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Intestinal Angina and Receiving Social Security Disability

When you think about “angina,” you probably think about the heart and pain that involves the heart. Did you know that angina can also be a term that is used for stomach or abdominal pain?

Intestinal angina is postprandial abdominal pain that comes about because you do not have sufficient blood flow to take care of your mesenteric visceral demands. Intestinal angina is stop and start again abdominal pain that often takes place at a fixed time after eating.

One good thing about intestinal angina is that it is extremely rare. Women have intestinal angina three times as often as men. It is most common in people over 60 years of age.

One thing that you need to keep in mind is that intestinal angina is not a disease. It is a sign or symptom of an underlying disorder that is causing this condition. In fact, intestinal angina may be the main sign or symptom of the underlying disorder that is causing it.

The underlying cause of intestinal angina is usually your stomach and intestines temporarily having insufficient amounts of blood that are needed for these organs to function like they should. A condition that is known as arteriosclerosis (hardening of the arteries) is almost always the cause of this poor circulation of blood. In rare cases, there are other disorders that may cause intestinal angina. Some of these are:

§  Aortic coarctation

§  Antiphospholipid syndrome

§  Carcinoid tumor.

There is one principle risk factor for intestinal angina. It is smoking. Somewhere between 75 and 80% of the people who develop intestinal angina are smokers.

Even though intestinal angina is a sign or symptom of an underlying disorder rather than being a disease, the primary symptom or indication of this condition is disabling central abdominal pain that usually begins 10-15 minutes after eating. This pain usually gets worse until it reaches a plateau. Then, it slowly goes away several hours after eating.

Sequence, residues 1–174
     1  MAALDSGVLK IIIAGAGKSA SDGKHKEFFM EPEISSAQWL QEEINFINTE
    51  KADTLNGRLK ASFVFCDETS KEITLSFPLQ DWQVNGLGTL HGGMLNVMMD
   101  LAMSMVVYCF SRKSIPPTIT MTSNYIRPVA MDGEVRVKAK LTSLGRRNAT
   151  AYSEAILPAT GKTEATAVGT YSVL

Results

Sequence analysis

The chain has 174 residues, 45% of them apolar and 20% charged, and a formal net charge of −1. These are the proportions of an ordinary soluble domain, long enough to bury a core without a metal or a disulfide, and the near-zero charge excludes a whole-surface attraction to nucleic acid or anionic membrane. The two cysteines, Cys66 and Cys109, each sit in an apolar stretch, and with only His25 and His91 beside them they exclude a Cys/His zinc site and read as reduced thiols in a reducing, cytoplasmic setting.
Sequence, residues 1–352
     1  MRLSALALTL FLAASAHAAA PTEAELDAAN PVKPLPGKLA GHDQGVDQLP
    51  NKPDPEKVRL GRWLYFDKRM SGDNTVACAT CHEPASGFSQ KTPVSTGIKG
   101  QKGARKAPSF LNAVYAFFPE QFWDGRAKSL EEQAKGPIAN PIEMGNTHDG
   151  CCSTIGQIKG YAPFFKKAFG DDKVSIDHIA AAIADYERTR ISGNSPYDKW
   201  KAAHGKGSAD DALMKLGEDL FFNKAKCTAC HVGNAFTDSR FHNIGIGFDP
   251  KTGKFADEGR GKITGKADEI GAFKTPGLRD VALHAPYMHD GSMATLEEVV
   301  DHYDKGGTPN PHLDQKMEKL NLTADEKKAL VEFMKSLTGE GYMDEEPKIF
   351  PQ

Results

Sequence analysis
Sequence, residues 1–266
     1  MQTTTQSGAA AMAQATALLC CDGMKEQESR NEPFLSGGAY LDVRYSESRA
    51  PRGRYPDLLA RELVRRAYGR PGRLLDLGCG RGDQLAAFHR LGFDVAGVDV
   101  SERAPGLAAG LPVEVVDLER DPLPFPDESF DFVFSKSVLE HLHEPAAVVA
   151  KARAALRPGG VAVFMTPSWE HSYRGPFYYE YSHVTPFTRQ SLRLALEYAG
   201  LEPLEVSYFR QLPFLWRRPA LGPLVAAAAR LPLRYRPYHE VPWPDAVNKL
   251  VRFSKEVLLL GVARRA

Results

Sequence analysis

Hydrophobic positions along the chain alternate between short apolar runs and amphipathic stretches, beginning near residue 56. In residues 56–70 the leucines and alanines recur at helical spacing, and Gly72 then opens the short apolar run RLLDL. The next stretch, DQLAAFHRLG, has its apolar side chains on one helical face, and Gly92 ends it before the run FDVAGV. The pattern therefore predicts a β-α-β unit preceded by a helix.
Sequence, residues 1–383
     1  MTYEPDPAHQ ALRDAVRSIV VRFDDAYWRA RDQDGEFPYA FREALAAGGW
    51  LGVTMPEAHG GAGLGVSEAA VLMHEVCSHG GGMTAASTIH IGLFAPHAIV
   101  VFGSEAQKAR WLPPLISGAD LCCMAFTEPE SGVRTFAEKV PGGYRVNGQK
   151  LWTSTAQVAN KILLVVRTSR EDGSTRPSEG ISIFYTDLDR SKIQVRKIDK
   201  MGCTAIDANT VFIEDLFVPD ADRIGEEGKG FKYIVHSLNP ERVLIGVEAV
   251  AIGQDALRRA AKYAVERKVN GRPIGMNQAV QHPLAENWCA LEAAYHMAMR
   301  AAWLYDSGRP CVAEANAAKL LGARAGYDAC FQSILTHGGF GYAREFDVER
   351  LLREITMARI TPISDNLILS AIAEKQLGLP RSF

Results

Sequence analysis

When intestinal angina first starts, this pattern of pain usually only occurs after eating a large meal. However, as time goes on, the pain happens even after small meals. You begin to associate the eating of a meal with pain.

Another sign or symptom of intestinal angina is substantial weight loss. This is unintended weight loss.

You or a loved one may be experiencing intestinal angina. This condition may be the primary indication of an underlying disorder that is the reason why you or your loved one is disabled and cannot work.

If this is your situation, you may need help. You may need financial assistance.

You or your loved one may be intending to apply for the financial help that you need from the Social Security Administration by applying for Social Security disability benefits or disability benefits because of the disability that has resulted from an underlying disorder whose primary sign or symptom is intestinal angina. You may have already taken this step, and your application was denied by the Social Security Administration.

If you or your loved one is planning on reapplying or appealing the denial, you really need to remember this important fact that you may not be aware of. The simple truth is that people who have a disability attorney working for them like the one you will find at are approved more often than people who are not represented by a disability lawyer.

Please do not hesitate or wait until tomorrow. Contact the disability attorney at, today.

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